For the BJP the bar has been set much higher for a very good reason: this is going to be first real electoral test of Narendra Modi’s popularity ever since he was chosen as the BJP-NDA prime ministerial candidate on September 13 this year. Maybe this is unfair since the ultimate verdict in the states will depend on local issues and the performance of the respective Chief Ministers and challengers. The Modi factor can, at best, have an incremental factor—acting as a booster or a depressant for the BJP.

However, the terms of the encounter has not been decided by the political pundits but by the BJP. In organising a punishing election schedule for the Gujarat Chief Minister and using him as a force multiplier, the BJP appears to have used the state Assembly elections as much a test of Modi’s appeal as the leadership of Raman Singh, Shivraj Singh Chauhan, Vasundhara Raje and Hashvardhan. In a meeting in East Delhi on November 30 at which Modi was present, the BJP’s Delhi Chief Ministerial candidate Harshvardhan made it clear that by electing a BJP government in place of Sheila Dikshit’s 15-year tenure, the voters would also be facilitating Modi’s election as Prime Minister next year.

In 1993, in the aftermath of the demolition of the shrine in Ayodhya, the BJP had fought the Assembly elections in five states on the slogan: “Aaj panch Pradesh, kal sara desh”. It had deliberately linked the Assembly polls to its wider quest for national power. Indeed, at that time there was a belief that a shaky government of P.V. Narasimha Rao would have crumbled had the results been advantageous to the BJP. Unfortunately for the BJP, it lost Uttar Pradesh to a Samajwadi Party-BSP alliance and Madhya Pradesh and Himachal Pradesh to the Congress. The BJP won Delhi handsomely and Rajasthan narrowly.

True, it was a narrow 3-2 advantage to the Congress but since the BJP had hyped up its expectations and projected a 5-0 victory, the results proved a colossal disappointment. Far from adding to the fragility of the Narasimha Rao Government, the Assembly results strengthened the Congress and allowed it to rule for a full-term till 1996. In the 1996 general election the BJP emerged as the single-largest party in the Lok Sabha and the 13-day government did set the stage for a big win in 1998 and 1999. However, in hindsight, over-pitching the 1993 elections proved very costly for the party and delayed its triumph at the Centre for at least five years.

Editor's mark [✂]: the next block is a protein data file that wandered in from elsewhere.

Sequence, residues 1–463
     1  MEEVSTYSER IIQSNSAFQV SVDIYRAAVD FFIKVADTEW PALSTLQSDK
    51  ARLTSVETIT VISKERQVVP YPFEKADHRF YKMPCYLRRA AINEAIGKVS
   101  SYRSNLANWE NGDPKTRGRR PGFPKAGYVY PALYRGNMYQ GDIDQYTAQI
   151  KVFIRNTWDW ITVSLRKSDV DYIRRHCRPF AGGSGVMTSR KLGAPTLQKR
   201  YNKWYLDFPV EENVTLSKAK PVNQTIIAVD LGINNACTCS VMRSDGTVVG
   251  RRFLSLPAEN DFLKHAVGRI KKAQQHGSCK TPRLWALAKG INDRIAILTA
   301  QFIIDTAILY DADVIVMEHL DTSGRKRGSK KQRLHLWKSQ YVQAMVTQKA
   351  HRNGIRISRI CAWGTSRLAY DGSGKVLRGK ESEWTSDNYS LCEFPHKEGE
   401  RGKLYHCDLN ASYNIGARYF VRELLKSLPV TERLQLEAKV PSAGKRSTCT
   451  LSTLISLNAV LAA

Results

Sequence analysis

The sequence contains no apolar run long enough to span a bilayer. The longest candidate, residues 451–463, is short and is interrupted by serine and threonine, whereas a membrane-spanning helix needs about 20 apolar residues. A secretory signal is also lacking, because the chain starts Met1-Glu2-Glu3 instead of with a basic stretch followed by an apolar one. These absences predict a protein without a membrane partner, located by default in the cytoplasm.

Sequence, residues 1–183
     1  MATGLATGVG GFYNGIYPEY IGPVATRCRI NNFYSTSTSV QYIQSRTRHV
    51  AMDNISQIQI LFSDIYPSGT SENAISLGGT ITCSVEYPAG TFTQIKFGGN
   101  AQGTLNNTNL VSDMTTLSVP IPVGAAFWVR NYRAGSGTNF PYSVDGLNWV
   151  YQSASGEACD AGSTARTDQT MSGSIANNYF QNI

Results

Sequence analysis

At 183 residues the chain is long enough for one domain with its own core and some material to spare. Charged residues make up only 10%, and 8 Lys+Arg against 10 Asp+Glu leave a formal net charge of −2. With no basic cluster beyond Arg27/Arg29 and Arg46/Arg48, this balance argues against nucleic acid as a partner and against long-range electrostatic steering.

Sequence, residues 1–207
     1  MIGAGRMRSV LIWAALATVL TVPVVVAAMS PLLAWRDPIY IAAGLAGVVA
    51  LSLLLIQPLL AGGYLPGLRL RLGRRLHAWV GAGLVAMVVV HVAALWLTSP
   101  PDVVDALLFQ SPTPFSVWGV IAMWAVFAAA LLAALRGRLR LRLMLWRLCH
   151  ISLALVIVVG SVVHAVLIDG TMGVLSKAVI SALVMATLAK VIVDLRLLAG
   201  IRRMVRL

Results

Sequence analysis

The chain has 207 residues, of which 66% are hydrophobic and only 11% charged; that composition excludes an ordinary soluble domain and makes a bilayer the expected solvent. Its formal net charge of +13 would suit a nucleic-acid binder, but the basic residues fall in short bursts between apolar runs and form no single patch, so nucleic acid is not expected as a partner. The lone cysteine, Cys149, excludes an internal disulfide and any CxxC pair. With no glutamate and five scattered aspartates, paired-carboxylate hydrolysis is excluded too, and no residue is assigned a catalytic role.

I am not suggesting that the 1993 experience is likely to be repeated next week: history doesn’t repeat itself mindlessly. Yet the BJP should be aware that linking its national fortunes and the political trajectory of its great hope to the Assembly polls carries a high element of risk.

The Congress just has to perform half-decently for it to slow down the BJP’s momentum. Whether this means ousting the BJP in Chhattisgarh  and clinging on to either Rajasthan or Delhi is something that will become evident on counting day. For the moment the Congress is definitely the underdog in the poll stakes and the bar it has set for itself is much, much lower than that set by the BJP for itself. Even a solitary victory will give solace to the Congress and reassure its dispirited troops that even if it can’t win in 2014, it can deprive Modi of a victory.

However, in the event the Congress falters in all the states and is unable to form a government in any of the four main states we are likely to see a dramatic change in the political chemistry of India. First, for all practical purposes India will have a lame-duck by the evening of December 8. Secondly, the stage would have been set for many small, regional parties to seek a pre-poll understanding with the NDA. And finally, we will see many rats deserting a sinking ship and discovering virtues in a man they had earlier decried as a living ogre. 

Sunday Pioneer, December 1, 2013


An empire that was built on the counterfeit

By Swapan Dasgupta

Maybe there will come a day when the National Capital of India chooses to have its very own coat of arms and a matching motto. The college of heraldry is best suited to design a crest appropriate to a city that a former Viceroy (who opposed the transfer of the Capital in 1911) described as the “graveyard of empires”. However, when it comes to the motto, nothing would please me better than the commonly-understood phrase: Jaante nahin mein kaun hoon?

If there is a single phrase that defines the ethos of a city built to flaunt the grandeur of political power, it is the imperious assertion by the few to the many: “Don’t you know who I am?”